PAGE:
Earlier this season I joined a group of local hikers to hike up onto Phillips Ridge on the southern end of the Teton Mountains. We started off at a large parking area on the south (left) side of the road about halfway up Teton Pass, a short distance before the official Phillips Ridge Trail. Across the street and slightly to the west, a large flat area sits below the highway where we put on our snowshoes and began climbing up a trail that paralleled a small creek, many of the nearby sounds muted by the snow as the traffic noise also began to fade.
Phillips Ridge Snowshoe Loop Trail Description
After following the creek for a few moments, we soon parted ways with the quaint creek as we began to ascend up the side of the ravine and ultimately connected with a dirt road. We followed that dirt road before branching off to head directly up Phillips Ridge, following a bike trail. This brought us through a thick forest where I was hoping to spot an owl, but never did. Shortly beyond, the trail popped out along the powerlines that run near the top of the ridge. We connected back up with the trail on the other side and made a pleasant ascent up to the top of the ridge.
Once along the ridge, the trail led us up even higher, providing us with panoramic views of the valley below along the way in scenic locations. From there we followed the bike trail in and out of the woods until we finally passed through an old fence. On the other side was a large clearing with outstanding views of Jackson, Wilson, and beyond, everything covered in white. We stopped here for a snack break before moving on.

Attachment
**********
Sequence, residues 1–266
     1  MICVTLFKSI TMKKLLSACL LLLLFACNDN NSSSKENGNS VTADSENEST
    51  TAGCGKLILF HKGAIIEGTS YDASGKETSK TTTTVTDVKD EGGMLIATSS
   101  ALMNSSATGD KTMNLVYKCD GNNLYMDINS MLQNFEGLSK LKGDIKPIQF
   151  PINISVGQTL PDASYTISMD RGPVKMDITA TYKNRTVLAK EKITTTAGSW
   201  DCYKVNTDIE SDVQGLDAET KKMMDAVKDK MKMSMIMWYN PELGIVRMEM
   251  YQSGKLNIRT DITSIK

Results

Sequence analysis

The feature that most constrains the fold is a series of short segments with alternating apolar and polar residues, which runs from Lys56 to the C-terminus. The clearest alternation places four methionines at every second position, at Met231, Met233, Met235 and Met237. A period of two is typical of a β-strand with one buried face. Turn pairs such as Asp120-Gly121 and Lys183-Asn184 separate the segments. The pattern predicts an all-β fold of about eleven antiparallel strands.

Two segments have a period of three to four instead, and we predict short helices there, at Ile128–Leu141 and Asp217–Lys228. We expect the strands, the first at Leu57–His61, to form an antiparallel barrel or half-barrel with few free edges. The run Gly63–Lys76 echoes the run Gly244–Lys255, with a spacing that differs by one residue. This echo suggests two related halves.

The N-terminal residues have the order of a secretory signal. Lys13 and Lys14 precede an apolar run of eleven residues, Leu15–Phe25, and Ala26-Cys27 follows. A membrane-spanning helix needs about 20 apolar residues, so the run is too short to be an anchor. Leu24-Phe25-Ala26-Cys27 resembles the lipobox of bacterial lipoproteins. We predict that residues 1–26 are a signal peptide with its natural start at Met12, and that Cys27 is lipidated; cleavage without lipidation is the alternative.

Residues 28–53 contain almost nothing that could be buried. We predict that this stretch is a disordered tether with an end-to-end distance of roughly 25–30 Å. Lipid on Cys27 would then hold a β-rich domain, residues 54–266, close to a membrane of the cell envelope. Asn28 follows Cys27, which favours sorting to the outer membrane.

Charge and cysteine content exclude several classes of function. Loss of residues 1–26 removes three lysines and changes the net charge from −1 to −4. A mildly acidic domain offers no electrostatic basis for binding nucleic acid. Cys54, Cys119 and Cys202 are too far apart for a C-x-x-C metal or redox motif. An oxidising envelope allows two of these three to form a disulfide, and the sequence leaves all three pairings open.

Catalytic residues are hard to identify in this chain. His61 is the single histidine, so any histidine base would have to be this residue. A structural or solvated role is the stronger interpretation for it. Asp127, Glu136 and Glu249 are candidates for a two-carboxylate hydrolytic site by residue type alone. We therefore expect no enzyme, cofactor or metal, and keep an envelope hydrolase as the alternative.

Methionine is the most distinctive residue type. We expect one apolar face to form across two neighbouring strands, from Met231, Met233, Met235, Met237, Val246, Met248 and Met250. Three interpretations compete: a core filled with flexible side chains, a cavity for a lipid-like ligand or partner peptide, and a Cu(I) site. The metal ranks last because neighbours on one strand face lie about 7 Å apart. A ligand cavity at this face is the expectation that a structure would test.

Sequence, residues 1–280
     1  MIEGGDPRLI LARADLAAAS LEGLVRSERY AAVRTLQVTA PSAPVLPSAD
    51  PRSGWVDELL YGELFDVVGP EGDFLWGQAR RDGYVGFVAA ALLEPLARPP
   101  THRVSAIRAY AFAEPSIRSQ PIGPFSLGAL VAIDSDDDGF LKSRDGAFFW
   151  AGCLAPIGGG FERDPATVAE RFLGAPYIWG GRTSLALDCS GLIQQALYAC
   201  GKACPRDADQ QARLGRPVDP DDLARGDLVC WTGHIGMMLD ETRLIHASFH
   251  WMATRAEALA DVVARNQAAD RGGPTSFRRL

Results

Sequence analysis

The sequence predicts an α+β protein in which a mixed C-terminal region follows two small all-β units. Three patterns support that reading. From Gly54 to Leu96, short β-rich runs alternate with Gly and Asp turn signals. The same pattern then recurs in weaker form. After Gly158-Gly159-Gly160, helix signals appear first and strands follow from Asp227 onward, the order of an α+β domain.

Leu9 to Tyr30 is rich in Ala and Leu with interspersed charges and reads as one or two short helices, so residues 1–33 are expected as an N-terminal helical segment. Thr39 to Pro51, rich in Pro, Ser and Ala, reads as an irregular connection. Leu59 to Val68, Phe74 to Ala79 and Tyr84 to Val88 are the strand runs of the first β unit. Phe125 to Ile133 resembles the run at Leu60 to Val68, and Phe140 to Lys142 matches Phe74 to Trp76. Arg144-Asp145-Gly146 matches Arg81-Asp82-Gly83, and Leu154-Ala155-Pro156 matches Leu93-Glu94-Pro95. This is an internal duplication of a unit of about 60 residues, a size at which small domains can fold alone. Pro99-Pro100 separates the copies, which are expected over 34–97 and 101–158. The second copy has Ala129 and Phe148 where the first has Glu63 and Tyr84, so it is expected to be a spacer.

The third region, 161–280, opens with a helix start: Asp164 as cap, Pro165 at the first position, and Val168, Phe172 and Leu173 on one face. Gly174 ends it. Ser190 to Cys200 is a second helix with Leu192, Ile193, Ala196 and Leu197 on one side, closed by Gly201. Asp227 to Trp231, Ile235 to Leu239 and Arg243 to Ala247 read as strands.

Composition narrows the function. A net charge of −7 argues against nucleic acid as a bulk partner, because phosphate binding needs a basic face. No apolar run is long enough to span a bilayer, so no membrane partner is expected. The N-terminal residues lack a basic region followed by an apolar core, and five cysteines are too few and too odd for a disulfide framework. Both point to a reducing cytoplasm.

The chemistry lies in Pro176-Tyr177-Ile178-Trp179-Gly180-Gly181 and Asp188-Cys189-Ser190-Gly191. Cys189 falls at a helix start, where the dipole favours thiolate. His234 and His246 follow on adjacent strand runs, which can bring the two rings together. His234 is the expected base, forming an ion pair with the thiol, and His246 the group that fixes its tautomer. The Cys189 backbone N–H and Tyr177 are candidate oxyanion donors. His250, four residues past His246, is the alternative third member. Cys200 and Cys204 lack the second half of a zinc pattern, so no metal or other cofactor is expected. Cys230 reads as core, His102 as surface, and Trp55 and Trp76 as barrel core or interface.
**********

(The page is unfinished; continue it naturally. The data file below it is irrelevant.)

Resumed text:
Rather than heading out the same way we came in, we continued down the trail which began to drop down the backside of Phillips Ridge and back out to the powerlines, where (once we had gotten below them) some fantastic views of the southern Teton Mountains were visible. We all stopped and enjoyed the towering peaks above us getting blanketed with new snow.
We continued along a road that we intersected shortly after the powerlines and made an optional side detour to the Phillips Bench Snotel, which measures the snowfall in the area. If you choose to visit it as well, please do not travel between the four posts. You will alter the readings if you do.
Heading back to the cars, it was mostly all downhill from here. We had started off following the same route that we can in on, but decided for more of an adventurous way out to make it a bit more fun and memorable. Rather than following any particular trail out, we bushwhacked down into a canyon, dodging and scrambling over fallen trees. This put us out just slightly east of our cars. If you want to play it safe, just follow the road back out to where you came in.
It was a great day out on snowshoes and I’m definitely looking forward to giving the trail another go before the end of the season.
From downtown Jackson, take Broadway west to the Highway 22 junction and turn right onto Highway 22. Follow that for 9.2 miles, heading through Wilson and up toward Teton Pass. Look for the parking area on your left.